Sunday, February 28, 2010

Long Run Revelations, Part II - Want A Fulfilled Life? Embrace Death.

(Photo courtesy of poet Ollie Lind)

Have you ever noticed that half of the stories in endurance magazines sound like Mad Libs for people in recovery? Sometimes I swear they just plug in the facts:
"[Name] got into running after recovering from [near-fatal disease or accident] just [random number] years ago. "I was in bed, feeling sorry for myself, [another random number] pounds overweight, and my [body part] looked like [bad food or construction analogy]. I decided the best way to beat [near-fatal disease or accident] was to celebrate the health I had one day at a time. I trained for months and completed [major race]. I'm not embarrassed about my [body part] since it gives me a chance to educate others about [near-fatal disease or accident]. I've now hooked up with [charity of near-fatal disease or accident] to run more, and hope to inspire others with [near-fatal disease or accident] and be living proof it is possible to overcome."
Unfortunately it's easy to gloss over the message in these formulaic summaries. In truth, there is something very powerful at the heart of these tales. This is Part II of my long run revelations:

"To lead a fulfilled life, embrace death."

I've had the good fortune of losing some friends and family in the last six months. I know that sounds backwards, since the pain and loss that immediately accompanies such devastation is soul-crushing. But by embracing loss and authentically internalizing the myriad of feelings that surround it, life feels more precious. Life IS more precious. If we are living, we are survivors. We should all embrace life as fully as our formulaic heroes.

It's such a shame that most of us can easily avoid our own finality in day-to-day routine, distracting media, and pharmacologically-enhanced lives. Comfort is good, and probably necessary for some level of sanity, but it's important to regularly remind yourself not to take it all for granted. I often feel this is the reason many of us enter endurance events and push our personal limits - we surround ourselves in pain and adventure so thick that we can't escape asking ourselves the very basic questions of what makes us happy, what makes us tick, and what gives life meaning. Through the pain, we grow, and for days afterward, we cherish every breath, every sunset, and every laugh.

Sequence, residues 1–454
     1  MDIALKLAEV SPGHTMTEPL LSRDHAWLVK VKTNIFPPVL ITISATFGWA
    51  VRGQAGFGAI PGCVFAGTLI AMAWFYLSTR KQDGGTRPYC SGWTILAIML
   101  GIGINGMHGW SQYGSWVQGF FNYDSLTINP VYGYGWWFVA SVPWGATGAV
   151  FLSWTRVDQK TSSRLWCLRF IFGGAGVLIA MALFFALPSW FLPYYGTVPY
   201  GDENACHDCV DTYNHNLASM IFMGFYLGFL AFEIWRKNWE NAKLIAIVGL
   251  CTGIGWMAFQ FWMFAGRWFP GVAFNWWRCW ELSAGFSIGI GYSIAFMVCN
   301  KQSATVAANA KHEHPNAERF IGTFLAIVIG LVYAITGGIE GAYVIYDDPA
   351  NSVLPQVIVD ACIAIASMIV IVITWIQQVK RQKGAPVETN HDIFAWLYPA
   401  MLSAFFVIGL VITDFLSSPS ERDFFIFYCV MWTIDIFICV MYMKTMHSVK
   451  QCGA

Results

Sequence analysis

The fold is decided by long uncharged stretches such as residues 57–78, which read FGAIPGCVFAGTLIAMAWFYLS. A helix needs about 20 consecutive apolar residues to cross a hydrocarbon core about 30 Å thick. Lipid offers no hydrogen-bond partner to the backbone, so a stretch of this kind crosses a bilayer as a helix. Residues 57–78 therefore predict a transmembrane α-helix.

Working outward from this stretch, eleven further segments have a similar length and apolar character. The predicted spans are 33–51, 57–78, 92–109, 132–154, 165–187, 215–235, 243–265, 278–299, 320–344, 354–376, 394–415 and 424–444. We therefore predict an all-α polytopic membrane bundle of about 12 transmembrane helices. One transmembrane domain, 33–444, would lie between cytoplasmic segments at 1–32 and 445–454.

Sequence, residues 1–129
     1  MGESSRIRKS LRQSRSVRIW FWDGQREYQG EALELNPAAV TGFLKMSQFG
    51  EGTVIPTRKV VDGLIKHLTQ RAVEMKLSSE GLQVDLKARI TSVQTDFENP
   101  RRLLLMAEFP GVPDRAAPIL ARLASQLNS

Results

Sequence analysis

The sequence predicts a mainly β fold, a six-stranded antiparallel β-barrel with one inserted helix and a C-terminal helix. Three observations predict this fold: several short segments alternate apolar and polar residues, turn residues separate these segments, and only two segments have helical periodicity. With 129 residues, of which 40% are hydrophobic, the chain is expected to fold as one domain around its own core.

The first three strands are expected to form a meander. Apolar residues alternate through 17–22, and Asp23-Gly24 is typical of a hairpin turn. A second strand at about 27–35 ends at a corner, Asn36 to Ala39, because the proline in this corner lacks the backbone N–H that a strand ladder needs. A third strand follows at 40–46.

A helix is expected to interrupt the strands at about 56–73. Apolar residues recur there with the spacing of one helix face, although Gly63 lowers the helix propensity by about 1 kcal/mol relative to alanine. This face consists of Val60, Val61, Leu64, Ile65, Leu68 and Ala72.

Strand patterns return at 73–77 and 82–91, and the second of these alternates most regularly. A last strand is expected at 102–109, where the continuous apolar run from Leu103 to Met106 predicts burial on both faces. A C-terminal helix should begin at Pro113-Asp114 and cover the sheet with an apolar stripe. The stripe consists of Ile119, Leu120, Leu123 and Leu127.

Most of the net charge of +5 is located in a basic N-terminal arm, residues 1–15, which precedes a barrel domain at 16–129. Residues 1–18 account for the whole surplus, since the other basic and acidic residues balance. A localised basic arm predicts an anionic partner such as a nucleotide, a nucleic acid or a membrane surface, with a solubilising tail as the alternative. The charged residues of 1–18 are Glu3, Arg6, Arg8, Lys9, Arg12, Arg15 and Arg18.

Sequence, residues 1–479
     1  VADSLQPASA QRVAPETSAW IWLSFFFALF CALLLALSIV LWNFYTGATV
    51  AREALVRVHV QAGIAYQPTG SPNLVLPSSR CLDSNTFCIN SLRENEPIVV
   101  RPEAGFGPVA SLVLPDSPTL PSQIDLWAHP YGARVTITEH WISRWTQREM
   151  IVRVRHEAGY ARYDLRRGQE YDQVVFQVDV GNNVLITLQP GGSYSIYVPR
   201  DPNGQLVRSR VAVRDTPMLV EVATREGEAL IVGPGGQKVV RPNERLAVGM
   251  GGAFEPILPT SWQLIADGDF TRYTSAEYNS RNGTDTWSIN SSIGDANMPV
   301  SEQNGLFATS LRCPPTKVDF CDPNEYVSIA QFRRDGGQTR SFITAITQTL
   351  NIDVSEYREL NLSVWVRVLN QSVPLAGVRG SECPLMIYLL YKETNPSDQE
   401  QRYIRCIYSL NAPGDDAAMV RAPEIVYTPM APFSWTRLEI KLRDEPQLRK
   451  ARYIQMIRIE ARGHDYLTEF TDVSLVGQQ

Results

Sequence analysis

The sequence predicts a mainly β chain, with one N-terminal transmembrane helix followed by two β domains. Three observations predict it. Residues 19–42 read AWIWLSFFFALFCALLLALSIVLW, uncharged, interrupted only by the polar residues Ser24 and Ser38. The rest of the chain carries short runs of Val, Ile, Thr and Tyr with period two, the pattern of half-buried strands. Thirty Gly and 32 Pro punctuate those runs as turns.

At the 2009 Western States, I got so deep it got scary. But the serenity that followed lasted for weeks, even months, and was nothing short of life-changing. If 27+ hours on the trail is all it takes to reach that level of enlightenment and peace, it may very well have been the easiest thing I have ever done.

Embrace your finality. Treasure the moments you have. See life in its fullest hue. It's the best way to honor those who left before you, and makes for MUCH better stories.

- SD

[You can also read Long Run Revelations, Part I - There Is No Such Thing As Work/Life Balance, Only Life Balance]


  1. very true is so short and so random. take nothing for granted.
    It's sad that often it does take losing a family member or close friend to make you realize the fragility of life and how you really don't know how what the next day will hold-- so let the people whom you love, know that you love them.. forgive and ask for forgiveness.
    don't hesitate and LIVE LIFE to the fullest because it's a one shot deal you only have ONE opportunity.
    take care and have a great week!


  2. this is one of your best. ever. and i've read all your posts over the last 3 years.

    i've seen/heard/made the same argument before, but never so cogently or so poignantly.

  3. Scott,
    Nice blog entry. I always find myself thinking of my family when I'm in the middle of a 50 or 100 miler.

    From a Carlos Castaneda book:
    "death is always at an arm's length away from us. You can sometimes catch a glimpse of it out of the corner of you eye, and you should be aware that it is always there." - Carlos Castaneda
    then he goes on to say that a true warrior is always aware of his/her own mortality; which keeps you alert and forces you to never take any moment for granted.

  4. Carpe diem, my friend. Here's a quote from Dead Poet's Society:

    "They're not that different from you, are they? Same haircuts. Full of hormones, just like you. Invincible, just like you feel. The world is their oyster. They believe they're destined for great things, just like many of you, their eyes are full of hope, just like you. Did they wait until it was too late to make from their lives even one iota of what they were capable? Because, you see gentlemen, these boys are now fertilizing daffodils. But if you listen real close, you can hear them whisper their legacy to you. Go on, lean in. Listen, you hear it? - - Carpe - - hear it? - - Carpe, carpe diem, seize the day boys, make your lives extraordinary. "


  5. You're not the sort of person who one might ordinarily regard as deep given your line of work, but there you go, being deep and spiritual. Thanks for sharing and continuing to inspire!


  6. I love "Dead Poets Society"! I was just amazed the other day that someone had not seen it because it's such a great flick. I need to add it to my favorites list.